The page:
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Tuesday, November 07, 2017

 

Aurora Visible NOW! and G1 storm alert (7 November)

Aurora have been reported from multiple sites in Tasmania with beams, and unconfirmed reports of aurora in Bendigo and ACT. There is a current G1 storm alert. This is despite the conditions for aurora being marginal, Velocity: 426 km/sec Bz: -4.0 nT Density = 24.0 p/cc  but with dark skies it will be well worth having a look. The SWS predicts active conditions will continue for the next day or so. The Space Weather Prediction Service has Predicted a G1 storm around now and the current Kindex is 5 (hence the G1 storm alert).

If the Bz becomes more negative aurora may become more widespread and intense. The Moon is waning, and will not significantly interfere with aurora in the early part of the evening. Especially now be patient, as the activity may rise and fall of the magnetic polarity of the wind may fluctuate significantly.

Dark sky sites have the best chance of seeing anything, and always allow around 5 minutes for your eyes to become dark adapted.

As always look to the south for shifting red/green glows, beams have been reported consistently over the last few aurora, as well as bright proton arcs and "picket fences". A double arc,  blobs, and curtains were seen in last weeks aurora despite the moonlight.

Here is the near-real time satellite view of the clouds http://satview.bom.gov.au/
Cloud cover predictions can be found at SkippySky.  

A new aurora camera is being installed at Campania, Tasmania. A live feed of the images from this camera is  sill not available.

SUBJ: SWS GEOMAGNETIC DISTURBANCE ALERT
ISSUED AT 1040 UT ON 07 NOV 2017 BY SPACE WEATHER SERVICES
FROM THE AUSTRALIAN SPACE FORECAST CENTRE

MINOR (G1 - MINOR) GEOMAGNETIC DISTURBANCE IN PROGRESS (K OF 5 REACHED)
PRELIMINARY AUSTRALIAN REGION K INDICES FOR 07 11 17: 1335 ----


FOLLOW THE PROGRESS OF THIS EVENT ON THE SWS SPACE WEATHER STATUS PANEL,
HTTP://WWW.SWS.BOM.GOV.AU > SPACE WEATHER

-------------------------------------------------------------------------
SUBJ: SWS AURORA WATCH
ISSUED AT 0256 UT ON 06 Nov 2017 by Space Weather Services
FROM THE AUSTRALIAN SPACE FORECAST CENTRE

Effects of a recurrent coronal hole are expected to impact the Earth
within the next 48 hours, possibly resulting in significant
geomagnetic activity and visible auroras during local nighttime hours.
Aurora alerts will follow if significant geomagnetic activity actually
occurs.
---------------------------------------------------------------------------------------------------

SUBJ: SWS GEOMAGNETIC DISTURBANCE WARNING 17/54
ISSUED AT 0242UT/06 NOVEMBER 2017
BY THE AUSTRALIAN SPACE FORECAST CENTRE.

A recurrent northern hemisphere coronal hole will soon reach
the geoeffective location on the solar disk. A corotating interaction
region associated with the coronal hole is expected to effect
Earth from late UT day 6 November. On the subsequent two days
(7-8 November) Active to Minor Storm conditions may occur provided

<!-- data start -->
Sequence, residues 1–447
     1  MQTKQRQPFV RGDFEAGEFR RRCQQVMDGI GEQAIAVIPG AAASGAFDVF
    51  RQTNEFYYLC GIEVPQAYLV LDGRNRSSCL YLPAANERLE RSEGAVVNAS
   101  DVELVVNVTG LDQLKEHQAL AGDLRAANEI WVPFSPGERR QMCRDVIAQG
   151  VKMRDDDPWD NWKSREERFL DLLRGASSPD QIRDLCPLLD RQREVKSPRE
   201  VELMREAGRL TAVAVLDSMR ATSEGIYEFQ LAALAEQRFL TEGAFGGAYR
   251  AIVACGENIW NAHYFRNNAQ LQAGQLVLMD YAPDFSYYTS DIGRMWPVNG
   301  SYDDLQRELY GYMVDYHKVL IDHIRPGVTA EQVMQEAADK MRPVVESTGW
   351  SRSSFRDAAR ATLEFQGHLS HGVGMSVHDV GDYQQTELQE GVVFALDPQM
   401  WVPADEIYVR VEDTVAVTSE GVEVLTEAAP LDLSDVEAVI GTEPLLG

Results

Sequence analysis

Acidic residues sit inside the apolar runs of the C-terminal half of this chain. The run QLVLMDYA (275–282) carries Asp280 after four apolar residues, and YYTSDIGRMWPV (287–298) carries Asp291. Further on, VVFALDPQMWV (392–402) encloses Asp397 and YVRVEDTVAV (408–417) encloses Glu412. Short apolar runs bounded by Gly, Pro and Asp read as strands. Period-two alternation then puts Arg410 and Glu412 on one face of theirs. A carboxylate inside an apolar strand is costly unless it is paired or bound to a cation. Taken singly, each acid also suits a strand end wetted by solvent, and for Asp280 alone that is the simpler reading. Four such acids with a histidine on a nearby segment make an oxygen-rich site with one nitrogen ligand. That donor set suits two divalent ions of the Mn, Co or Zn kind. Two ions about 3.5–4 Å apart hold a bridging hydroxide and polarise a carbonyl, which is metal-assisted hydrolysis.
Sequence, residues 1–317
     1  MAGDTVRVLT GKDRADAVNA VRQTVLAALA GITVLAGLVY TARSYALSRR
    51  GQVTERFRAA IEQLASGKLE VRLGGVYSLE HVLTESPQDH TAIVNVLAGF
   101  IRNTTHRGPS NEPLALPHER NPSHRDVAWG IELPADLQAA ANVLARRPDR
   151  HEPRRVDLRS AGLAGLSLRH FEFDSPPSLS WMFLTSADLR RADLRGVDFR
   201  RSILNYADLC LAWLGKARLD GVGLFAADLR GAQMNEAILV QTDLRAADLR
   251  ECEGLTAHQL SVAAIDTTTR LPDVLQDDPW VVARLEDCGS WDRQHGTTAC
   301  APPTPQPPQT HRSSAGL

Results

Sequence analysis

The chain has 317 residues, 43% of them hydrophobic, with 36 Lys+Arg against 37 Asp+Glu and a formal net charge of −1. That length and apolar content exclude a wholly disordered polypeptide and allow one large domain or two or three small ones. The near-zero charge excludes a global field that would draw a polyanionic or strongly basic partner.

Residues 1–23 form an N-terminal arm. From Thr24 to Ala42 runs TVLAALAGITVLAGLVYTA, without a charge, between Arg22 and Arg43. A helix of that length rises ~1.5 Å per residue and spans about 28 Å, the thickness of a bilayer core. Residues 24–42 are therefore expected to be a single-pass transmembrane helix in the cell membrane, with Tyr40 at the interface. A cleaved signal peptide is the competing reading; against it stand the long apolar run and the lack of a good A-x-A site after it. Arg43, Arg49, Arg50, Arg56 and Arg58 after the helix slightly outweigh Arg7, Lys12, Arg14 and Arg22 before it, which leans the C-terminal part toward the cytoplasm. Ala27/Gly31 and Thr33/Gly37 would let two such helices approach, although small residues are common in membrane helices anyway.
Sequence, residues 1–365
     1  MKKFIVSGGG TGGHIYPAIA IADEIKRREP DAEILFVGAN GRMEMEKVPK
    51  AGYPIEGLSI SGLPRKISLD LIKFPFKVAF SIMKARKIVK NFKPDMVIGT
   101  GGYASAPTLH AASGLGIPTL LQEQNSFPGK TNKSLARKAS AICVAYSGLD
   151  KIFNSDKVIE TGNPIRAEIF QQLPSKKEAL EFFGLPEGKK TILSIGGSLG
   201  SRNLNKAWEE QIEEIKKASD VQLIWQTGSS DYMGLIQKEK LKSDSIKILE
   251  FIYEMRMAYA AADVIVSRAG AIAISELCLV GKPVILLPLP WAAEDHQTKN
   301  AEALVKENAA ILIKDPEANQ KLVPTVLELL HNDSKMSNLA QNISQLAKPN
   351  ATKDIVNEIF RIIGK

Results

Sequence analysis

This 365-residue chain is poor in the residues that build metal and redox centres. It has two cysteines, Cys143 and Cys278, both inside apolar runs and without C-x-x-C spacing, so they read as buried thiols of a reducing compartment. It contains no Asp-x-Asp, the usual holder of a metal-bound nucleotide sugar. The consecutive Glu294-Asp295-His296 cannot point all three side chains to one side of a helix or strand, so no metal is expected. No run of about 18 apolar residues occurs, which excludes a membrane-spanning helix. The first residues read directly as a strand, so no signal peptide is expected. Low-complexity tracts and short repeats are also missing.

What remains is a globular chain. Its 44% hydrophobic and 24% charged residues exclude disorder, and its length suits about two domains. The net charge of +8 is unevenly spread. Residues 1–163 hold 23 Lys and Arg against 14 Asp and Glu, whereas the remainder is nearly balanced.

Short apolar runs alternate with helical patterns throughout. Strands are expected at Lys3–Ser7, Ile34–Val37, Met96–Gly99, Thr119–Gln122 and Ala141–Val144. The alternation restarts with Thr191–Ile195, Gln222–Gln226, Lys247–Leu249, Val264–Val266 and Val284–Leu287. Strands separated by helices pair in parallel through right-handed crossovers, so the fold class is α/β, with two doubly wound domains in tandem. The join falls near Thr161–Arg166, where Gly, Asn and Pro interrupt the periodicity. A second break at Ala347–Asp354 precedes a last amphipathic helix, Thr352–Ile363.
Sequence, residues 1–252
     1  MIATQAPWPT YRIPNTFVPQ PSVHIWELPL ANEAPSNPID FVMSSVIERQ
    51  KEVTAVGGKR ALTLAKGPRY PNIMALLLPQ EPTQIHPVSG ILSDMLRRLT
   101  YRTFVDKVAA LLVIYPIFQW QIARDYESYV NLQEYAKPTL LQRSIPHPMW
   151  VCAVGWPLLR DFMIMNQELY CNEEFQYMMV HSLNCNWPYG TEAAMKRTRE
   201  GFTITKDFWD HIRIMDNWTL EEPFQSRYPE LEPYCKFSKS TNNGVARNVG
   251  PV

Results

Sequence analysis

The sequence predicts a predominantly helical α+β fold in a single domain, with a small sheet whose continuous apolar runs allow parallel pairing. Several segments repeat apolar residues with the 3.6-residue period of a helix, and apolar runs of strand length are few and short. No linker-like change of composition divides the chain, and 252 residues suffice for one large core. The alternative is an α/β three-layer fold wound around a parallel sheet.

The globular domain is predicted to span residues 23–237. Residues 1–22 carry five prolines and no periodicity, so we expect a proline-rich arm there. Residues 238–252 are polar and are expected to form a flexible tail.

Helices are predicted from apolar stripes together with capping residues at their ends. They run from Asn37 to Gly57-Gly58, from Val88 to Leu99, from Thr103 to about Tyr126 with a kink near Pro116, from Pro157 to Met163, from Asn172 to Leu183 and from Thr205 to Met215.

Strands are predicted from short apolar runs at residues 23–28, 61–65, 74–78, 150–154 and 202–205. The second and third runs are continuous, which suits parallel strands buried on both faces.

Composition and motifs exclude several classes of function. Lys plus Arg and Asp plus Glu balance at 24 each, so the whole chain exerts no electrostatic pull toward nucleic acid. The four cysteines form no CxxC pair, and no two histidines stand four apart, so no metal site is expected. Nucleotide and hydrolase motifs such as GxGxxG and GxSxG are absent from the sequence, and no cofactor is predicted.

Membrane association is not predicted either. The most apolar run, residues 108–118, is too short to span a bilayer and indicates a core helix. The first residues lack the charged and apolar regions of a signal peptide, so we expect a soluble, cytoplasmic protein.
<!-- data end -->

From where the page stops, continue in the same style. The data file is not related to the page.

IMF Bz will turn southward for a prolonged period.

INCREASED GEOMAGNETIC ACTIVITY EXPECTED
DUE TO CORONAL HOLE HIGH SPEED WIND STREAM
FROM 07-08 NOVEMBER 2017
_____________________________________________________________

GEOMAGNETIC ACTIVITY FORECAST
07 Nov:  Active
08 Nov:  Active



Our Aurora forecasting tool, located at
http://www.sws.bom.gov.au/Aurora/3/1, may help to estimate regions
from where aurora would be visible.

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Saturday, November 04, 2017

 

Comet 96P/Machholz zooms past the sun

Single image of comet 96P Machholz from the SOHO LASCO C3 instrument on 27 October 2017. Click on any image to embiggenComposte series of images as the comet swung around the sun fro 26-28 October. The gap is where some images were not takenAnimation of the same series.

Comet 96P/Machholz came to perihelion on October 27, unfortunately, it was too close to the sun for us Earth-bound observers, but fortunately a bevy of sun-observing spacecraft watched intently as it passed by. It was picked up by the Solar and Heliospheric Observatory (SOHO) and the Solar TErrestrial RElations Observatory Ahead (STEREO-A) spacecraft.

This visitation wasn't as spectacular as the one in 2002, but was very interesting nonetheless. Most importantly, high-resolution images from SOHO LASCO 3 showed the presence of 3 fragments.

Two of these fragments had been seen in the 2012 passage of the comet, the third was new.

You can read about the background to the comet, other observations and its fragmentation in far more detail at the excellent skyhunt blog (go now, you won't be disappointed, I'll wait).
I won't try and duplicate Trygve Prestgard's excellent work,I will just presnt my images from the STEREO spacecraft where I hunted for the fragments. Despite high resolution COR2A images, I found no fragments.

Comet 99P Macholz in the STEREO COR2 Imager on 26 OctoberAnimation of 26 October images, note tail movement

Single image of STEREO COR2A from 28 October, 2017Animation of 28 October images

Comet 96P Machholz in the STEREO H1A imager on 23 October (right down the bottom left) click to emggenAnimation of the comets brief sojourn in the H1A imager field of view